Tips for Storing Secrets with AWS SSM Parameter Store

What is AWS SSM Parameter Store?

AWS Systems Manager Parameter Store provides secrets management. You can store data such as passwords, database strings, and license codes as parameter values. You can store values as plain text or encrypted data. You can then reference values by using the unique name that you specified when you created the parameter.

Why Carbon adopted AWS SSM Parameter Store?

Following best practices is almost like a curse when delivering fast matters. It is a good thing that we have a company culture where we promote the adoption of best practices so we don’t see it as a curse but a way of life and a blessing. With our DevSecOps approach, for example, we’ve automated some security functions that scan through codes, send a slack notification to the security team and delete any hardcoded credentials found in the code thus reducing risk to the business.

We have multiple teams using AWS to build and deploy services. Those teams need to securely store credentials used in building their services. This is where the AWS SSM parameter made sense. We use AWS IAM to manage those who can have access and AWS KMS to provide encryption.

What we wished we had known before our SSM parameters increased.

Searching for parameters would be painful.

We have about 350 micro-services in 3 different environments and about 2k parameters not counting unique version numbers. Due to our large number of parameters, it became difficult to search for parameters via the AWS Console. You will find it painful searching by regex and/or path.

Reaching numbers like 1k, 2k or 5k secret parameters would indicate significant success in growth for a business professional depending on the context, but for a cloud operations engineer on AWS, it could mean the beginning of chaos. When we started using the AWS SSM Parameter store, we didn’t put our vision glass on. We were just creating secrets with any name or path that made sense. All it took was a 1-LOC, One line-of-code via the AWS CLI to store a resource secret securely.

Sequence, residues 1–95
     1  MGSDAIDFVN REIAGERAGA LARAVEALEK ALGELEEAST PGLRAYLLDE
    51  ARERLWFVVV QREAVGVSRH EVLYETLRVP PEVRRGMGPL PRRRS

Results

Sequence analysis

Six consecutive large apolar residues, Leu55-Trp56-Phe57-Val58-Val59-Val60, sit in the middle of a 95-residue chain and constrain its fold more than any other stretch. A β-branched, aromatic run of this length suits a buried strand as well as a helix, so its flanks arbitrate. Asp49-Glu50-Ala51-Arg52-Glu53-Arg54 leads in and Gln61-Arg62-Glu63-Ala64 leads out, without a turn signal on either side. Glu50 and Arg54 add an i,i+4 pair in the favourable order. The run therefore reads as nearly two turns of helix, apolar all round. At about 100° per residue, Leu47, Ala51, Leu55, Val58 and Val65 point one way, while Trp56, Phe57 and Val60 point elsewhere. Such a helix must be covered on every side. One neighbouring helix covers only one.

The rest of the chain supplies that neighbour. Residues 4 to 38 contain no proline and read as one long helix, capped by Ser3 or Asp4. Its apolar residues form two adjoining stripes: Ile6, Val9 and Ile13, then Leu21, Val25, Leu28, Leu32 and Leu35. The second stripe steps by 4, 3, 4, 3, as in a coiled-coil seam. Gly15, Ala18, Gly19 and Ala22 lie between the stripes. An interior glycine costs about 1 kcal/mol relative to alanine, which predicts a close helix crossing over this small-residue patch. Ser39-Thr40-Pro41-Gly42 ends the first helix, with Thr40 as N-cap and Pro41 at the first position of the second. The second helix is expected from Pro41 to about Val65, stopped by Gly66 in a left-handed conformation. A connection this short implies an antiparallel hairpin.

aws ssm put-parameter --name "Carbon" --value "Best Digital Bank Mobile App" --type SecureString --key-id alias/sre-team

Or we could go a little further since we operate multiple AWS regions

aws ssm put-parameter --name "Carbon" --value "Best Digital Bank Mobile App" --type SecureString --key-id alias/sre-team --region us-west-2

Tips on how to search for parameters

  • Standardize. Have a unique format across the organization that everyone adheres to. You can use that format to search easily. This has helped us to scale safely.
/<department_name>/<environment_name>/<service_name>/<credential-to-store>
  • Use AWS CLI to search. Search through all parameters with the output as plain text, then, slice and dice using regex or grep

Some Useful CLI Queries to help you search

My favorite Command API call is the get-parameters-by-path
Note: This API action doesn’t support filtering by tags.

/<department_name>/<environment_name>/<service_name>/<credential-to-store>

If you adopt the format above for naming your parameters by path, the command below will help you search down to the root hierarchy you specify e.g <department_name>.

aws ssm get-parameters-by-path --query 'Parameters[*].[Name, Description, Type, Value]' --path /<department_name>/ --recursive --with-decryption --region eu-west-1 --output text

You can do more with grep

aws ssm get-parameters-by-path --query 'Parameters[*].[Name, Description, Type, Value]' --path /<department_name>/ --recursive --with-decryption --region eu-west-1 --output text | grep url

More …

aws ssm describe-parameters --query 'Parameters[*].[Name, Description, Type]'  --region us-west-2 --output table | grep db-url | awk '{print $3}'

More Examples:

aws ssm carbon

Create a Secure String Parameter (AWS CLI)

Run the following command to create a parameter.

aws ssm put-parameter — name “parameter_name” — value “parameter value” — type SecureString — key-id “alias name"aws ssm put-parameter --name /Finance/Payroll/QuickbookSheetPassd --value "WaYrewW)ou" --type SecureString --key-id alias/finance

Run the following command to verify the details of the parameter.

aws ssm get-parameters --name "/Finance/Payroll/QuickbookSheetPassd" --with-decryption

Thank You!!!

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